When she was 15 years old, Londoner Shamima Begum left the UK with two of her friends to join ISIS forces in Syria, and married an ISIS fighter. During her four year stint out there she lost two babies to illness and now that she is pregnant for a third time, and her husband has surrendered and is no longer with her, she wants to return to the UK because she knows that the NHS will look after her unborn child.

 

This is obviously a very controversial subject, with many UK citizens believing she should not be allowed to come back due to her comments about not being ‘fazed’ about seeing severed heads during her time in Syria, and other comments which suggest she is not fully regretful of her actions.

 

Many Conservative politicians have announced that they do not feel she should be allowed to come back, and that her choices must have consequences. One argument is that it would send a bad message to people thinking about leaving the UK to join ISIS if they see that other people can go and then return to the UK with relative ease.

 

On the other side of the argument, more sympathetic people on the left side of politics argue that at 15 years old she did not fully understand what she was doing and that to let her stay in Syria is essentially to allow her to endure a life of pain and probably an early death.

 

Her family have been put through an unimaginable time, and her mother pleaded for her to come home. Shamima’s brother in law has said he wants her to be allowed home so that she can be “re-educated”.

 

So what are the possibilities, can she come back to the UK

Well, Home Secretary Sajid Javid said he will use all available powers to stop Begum returning.

“We must remember that those who left Britain to join Daesh (IS) were full of hate for our country.”

 

He went on to say:

 

“My message is clear — if you have supported terrorist organisations abroad I will not hesitate to prevent your return. If you do manage to return you should be ready to be investigated, and potentially prosecuted.”

 

Security Minister Ben Wallace issued a blunt warning to Begum. He said: “I’m not putting at risk British people’s lives to go and look for terrorists or former terrorists in a failed state. People now want to come back to a country they actually hate? Well, actions have consequences.”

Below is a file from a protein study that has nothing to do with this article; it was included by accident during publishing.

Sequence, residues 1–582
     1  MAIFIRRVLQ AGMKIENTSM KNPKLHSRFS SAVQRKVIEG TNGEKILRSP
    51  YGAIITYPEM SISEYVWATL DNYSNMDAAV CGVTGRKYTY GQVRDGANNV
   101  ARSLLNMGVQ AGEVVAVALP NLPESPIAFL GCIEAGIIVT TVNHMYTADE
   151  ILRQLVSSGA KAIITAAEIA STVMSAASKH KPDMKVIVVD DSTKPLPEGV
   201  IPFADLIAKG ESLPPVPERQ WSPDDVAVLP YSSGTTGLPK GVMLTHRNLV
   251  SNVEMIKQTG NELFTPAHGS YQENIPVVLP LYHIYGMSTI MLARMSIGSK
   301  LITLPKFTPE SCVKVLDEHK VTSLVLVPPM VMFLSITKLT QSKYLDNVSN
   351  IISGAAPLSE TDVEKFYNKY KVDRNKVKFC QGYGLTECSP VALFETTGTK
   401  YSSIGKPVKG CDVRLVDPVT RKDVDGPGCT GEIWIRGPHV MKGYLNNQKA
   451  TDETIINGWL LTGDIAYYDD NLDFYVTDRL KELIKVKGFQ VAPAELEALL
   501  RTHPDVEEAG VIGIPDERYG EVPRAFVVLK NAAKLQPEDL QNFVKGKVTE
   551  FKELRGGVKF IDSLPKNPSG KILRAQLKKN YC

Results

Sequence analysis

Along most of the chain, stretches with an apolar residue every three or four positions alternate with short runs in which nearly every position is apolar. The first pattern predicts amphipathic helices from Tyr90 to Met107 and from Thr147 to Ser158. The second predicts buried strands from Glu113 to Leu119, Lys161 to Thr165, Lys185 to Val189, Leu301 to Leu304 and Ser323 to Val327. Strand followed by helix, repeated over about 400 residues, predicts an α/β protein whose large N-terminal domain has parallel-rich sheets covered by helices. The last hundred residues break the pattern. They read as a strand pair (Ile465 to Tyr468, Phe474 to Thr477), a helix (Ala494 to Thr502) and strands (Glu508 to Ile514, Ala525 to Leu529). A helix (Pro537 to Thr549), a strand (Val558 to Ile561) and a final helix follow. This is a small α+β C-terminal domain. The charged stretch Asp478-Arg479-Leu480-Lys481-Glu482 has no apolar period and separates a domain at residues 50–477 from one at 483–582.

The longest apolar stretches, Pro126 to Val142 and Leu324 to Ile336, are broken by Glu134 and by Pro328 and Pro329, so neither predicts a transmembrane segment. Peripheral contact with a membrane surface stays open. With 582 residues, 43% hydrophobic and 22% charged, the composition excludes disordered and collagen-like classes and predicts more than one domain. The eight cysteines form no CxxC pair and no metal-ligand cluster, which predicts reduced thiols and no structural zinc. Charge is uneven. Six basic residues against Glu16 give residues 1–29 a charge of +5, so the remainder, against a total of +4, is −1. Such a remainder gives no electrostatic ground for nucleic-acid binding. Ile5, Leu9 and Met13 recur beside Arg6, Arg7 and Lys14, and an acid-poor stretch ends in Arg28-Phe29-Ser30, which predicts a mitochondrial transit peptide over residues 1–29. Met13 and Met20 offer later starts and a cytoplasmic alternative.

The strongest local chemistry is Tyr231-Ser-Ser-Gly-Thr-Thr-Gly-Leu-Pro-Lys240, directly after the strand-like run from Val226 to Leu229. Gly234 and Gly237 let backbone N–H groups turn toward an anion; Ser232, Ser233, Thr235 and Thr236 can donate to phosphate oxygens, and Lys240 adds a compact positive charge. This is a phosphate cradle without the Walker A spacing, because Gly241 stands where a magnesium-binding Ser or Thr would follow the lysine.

Because Begum was born in the UK and her parents were settled citizens here at the time of her birth, this may prevent the government from denying her entry to the UK.

 

In the past, the UK government has tried to prevent people like Begum from entering into the UK by depriving their citizenship.

 

According to the law:

 

The Secretary of State may by order deprive a person of a citizenship status if the Secretary of State is satisfied that deprivation is conducive to the public good.

 

The Secretary of State may by order deprive a person of a citizenship status which results from his registration or naturalisation if the Secretary of State is satisfied that the registration or naturalisation was obtained by means of—

(a) fraud,

(b) false representation, or

(c) concealment of a material fact.

 

One point that may be of particular interest to this case is the following:

 

If the Secretary of State is satisfied that the deprivation is conducive to the public good because the person, while having that citizenship status, has conducted him or herself in a manner which is seriously prejudicial to the vital interests of the United Kingdom.

 

This could well be the case with Shamima Begum, as leaving the UK to join ISIS is certainly prejudicial to the vital interests of the UK.

 

Have these deprivation of citizenship rules been used recently?